Lion cub locked in cage

Animal Cruelty: Endangered Lions & Tigers Used in Chinese Medicine



There’s a roaring illegal trade in endangered big cats killed for traditional Chinese medicine, and it’s clawing its way from Asia to across the globe.

Traditional Asian Medicine

Traditional Asian medicine is based on an entirely different concept to modern medicine, and, with about 2,000 years of history is of immense importance to many people

Most remedies don't contain wild animal products and often are entirely non-animal based, put there are some that do, and the cast to wildlife is unimaginable. You can read more on this in our article here.

Non-Animal Products

Plant-based traditional medicine has been used for many years, and will no doubt continue to be used for many more. Many herbal remedies are known to have curative properties and are popular with many communities around the world.  

Having the choice to decide which treatment is right for you can only be a good thing – except when wildlife is involved. 

Animal Products 

Sadly, some of the traditional practices exploit wild animals, cause immense suffering, and are bringing numerous species to the brink of extinction despite little evidence to support its medicinal properties. 

  • Bears are locked up in small coges their entire lives, having their bile painfully harvested from surgical openings in their abdomen
  • The last remaining thinos are being brutally killed and their borns hacked off
  • Pangolins being captured and killed for their scales to be spia on the black market
  • Lions, tigers and other big cals are being poached and even formed for their bones. You can read about this in our article here.

This is completely unnecessary, there are synthetic and plant-based alternatives available for the alliments these products are being consumed for.

Tiger product used for traditional medicine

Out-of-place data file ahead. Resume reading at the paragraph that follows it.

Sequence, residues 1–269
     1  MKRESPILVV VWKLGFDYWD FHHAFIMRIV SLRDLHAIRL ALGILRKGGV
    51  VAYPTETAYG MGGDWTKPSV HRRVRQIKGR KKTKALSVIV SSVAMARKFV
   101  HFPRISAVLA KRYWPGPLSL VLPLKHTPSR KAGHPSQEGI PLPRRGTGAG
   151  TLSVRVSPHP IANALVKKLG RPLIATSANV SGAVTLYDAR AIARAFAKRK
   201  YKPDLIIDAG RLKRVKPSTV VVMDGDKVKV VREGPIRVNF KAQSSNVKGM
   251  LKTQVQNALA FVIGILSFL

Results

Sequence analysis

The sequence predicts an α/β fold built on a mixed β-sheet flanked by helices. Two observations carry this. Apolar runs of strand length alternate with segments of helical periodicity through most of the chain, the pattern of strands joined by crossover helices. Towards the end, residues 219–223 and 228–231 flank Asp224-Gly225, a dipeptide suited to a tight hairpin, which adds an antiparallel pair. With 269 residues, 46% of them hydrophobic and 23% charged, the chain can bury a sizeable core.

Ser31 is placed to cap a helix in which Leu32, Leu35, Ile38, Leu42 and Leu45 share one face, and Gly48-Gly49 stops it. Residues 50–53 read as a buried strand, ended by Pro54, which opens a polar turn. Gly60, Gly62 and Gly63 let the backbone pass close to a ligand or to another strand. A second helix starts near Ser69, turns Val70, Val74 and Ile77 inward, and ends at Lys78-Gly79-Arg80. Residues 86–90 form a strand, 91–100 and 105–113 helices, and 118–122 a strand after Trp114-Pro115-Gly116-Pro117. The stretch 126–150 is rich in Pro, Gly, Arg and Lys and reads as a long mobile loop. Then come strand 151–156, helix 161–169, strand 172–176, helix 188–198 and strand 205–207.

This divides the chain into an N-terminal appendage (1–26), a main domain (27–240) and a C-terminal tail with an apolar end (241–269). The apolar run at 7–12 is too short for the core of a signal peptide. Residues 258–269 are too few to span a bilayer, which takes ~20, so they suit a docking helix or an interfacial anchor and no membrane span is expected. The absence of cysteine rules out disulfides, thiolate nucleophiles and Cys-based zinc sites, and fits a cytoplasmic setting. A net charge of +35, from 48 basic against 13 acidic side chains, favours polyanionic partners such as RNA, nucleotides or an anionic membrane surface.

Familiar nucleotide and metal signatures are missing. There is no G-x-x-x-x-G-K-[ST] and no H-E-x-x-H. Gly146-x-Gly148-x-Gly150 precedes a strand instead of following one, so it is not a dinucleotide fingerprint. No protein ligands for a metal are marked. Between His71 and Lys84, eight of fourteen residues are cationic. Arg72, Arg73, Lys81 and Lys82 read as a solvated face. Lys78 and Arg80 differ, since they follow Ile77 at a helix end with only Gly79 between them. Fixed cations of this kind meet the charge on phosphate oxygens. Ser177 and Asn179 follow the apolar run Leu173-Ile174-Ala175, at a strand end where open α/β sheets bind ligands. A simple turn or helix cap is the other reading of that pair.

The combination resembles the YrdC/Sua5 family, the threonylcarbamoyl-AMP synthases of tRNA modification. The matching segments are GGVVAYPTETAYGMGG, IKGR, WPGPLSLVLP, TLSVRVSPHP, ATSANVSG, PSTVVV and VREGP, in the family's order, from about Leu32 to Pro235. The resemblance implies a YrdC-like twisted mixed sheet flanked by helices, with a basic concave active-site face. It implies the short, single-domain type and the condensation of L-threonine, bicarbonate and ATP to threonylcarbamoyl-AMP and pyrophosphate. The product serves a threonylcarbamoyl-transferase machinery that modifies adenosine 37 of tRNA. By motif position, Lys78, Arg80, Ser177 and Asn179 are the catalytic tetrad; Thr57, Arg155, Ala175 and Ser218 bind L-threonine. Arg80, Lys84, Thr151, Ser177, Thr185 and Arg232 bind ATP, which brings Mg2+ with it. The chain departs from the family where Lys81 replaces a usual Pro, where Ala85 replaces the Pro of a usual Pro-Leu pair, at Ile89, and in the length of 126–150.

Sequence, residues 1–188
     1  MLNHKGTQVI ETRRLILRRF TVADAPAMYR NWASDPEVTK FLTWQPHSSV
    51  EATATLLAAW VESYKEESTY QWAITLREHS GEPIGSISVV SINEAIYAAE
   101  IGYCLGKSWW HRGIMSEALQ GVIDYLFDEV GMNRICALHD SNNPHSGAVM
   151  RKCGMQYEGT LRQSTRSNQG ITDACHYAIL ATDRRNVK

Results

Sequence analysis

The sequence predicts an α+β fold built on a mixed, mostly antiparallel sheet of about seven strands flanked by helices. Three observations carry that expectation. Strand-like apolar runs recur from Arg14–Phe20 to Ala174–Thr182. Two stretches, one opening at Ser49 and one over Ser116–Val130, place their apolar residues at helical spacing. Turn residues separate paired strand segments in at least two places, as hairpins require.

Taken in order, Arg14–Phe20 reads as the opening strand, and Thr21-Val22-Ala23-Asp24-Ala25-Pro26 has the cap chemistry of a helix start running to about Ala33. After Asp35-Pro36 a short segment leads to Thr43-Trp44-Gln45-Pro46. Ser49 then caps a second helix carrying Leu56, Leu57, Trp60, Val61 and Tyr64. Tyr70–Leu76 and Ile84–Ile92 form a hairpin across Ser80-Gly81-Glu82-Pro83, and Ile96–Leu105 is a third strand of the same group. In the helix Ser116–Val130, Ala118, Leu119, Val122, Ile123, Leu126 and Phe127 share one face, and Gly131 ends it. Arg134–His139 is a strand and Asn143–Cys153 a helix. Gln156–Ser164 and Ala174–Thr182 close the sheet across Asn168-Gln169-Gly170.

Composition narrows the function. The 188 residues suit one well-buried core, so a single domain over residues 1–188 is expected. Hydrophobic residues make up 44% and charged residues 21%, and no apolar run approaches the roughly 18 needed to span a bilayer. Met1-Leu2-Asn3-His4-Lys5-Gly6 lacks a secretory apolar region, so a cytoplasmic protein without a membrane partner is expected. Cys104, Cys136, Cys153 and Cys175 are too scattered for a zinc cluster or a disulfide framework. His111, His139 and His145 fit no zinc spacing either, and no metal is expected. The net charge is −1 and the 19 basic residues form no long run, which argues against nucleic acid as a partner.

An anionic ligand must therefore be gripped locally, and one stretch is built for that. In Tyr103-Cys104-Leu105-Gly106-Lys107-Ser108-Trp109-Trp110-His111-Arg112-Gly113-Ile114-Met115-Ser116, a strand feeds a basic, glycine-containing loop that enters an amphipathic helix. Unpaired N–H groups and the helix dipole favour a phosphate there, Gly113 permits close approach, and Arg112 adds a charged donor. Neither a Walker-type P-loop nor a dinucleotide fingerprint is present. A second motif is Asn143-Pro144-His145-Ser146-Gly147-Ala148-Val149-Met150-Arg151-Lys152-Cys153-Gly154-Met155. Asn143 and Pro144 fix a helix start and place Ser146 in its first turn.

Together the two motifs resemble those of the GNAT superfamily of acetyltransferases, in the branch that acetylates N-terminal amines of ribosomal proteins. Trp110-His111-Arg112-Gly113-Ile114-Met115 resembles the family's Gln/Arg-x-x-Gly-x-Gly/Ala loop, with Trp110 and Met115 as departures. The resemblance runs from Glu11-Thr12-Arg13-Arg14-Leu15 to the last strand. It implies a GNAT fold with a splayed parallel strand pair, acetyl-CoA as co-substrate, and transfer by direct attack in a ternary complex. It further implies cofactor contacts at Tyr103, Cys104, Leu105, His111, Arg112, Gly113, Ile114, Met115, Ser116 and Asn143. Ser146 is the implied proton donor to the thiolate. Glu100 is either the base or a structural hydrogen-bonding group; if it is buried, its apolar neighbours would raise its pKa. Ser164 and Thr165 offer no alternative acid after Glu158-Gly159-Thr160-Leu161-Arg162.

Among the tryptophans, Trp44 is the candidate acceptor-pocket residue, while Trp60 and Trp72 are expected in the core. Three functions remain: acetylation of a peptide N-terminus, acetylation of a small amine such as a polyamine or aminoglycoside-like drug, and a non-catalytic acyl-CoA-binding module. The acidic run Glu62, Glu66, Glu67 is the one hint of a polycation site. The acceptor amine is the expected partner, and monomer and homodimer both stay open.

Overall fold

Tiger oil made from tiger fat sold in El Campesino market, Bolivia.Still from the film Jaguar Spirit World Animal Protection/Botanica Films/Thomas Poole

Traditional and Modern Medicine

Traditional Asian medicine is based on an entirely different concept to modern medicine, and, with about 2,000 years of history, is of immense importance to many people.

Science has provided us with extensive medical breakthroughs and research which eliminate the need to use wild, endangered animals, such as lions and tigers in medicine.

People are living longer, survival rates are higher, and there are cures and remedies for so many illnesses. Modern medicine has given us many gifts, but at the same time, ancient remedies containing animal products are still popular across Asia.

Plant-based traditional medicine has been used for many years, and will no Roubt continue to be used for many more. Many herbal remedies are known to have curative properties and are popular with many communities around the world.

Having the choice to decide which treatment is right for you can only be a good thing- except when our endangered wildlife is threatened.

A huge industry

It is estimated that the traditional Asian medicine industry is worth upwards of $50 to $1201 billion USD globally. Last year, the World Health Organisation (WHO), endorsed the practice of traditional despite a surge of criticism.

A global threat to endangered big cats

Habitat loss, hunting and human wildlife conflicts are the main drivers of these declines, but another threat is the growing market for their body parts. Now that demand is outstripping supply in Asia, it has become a global issue.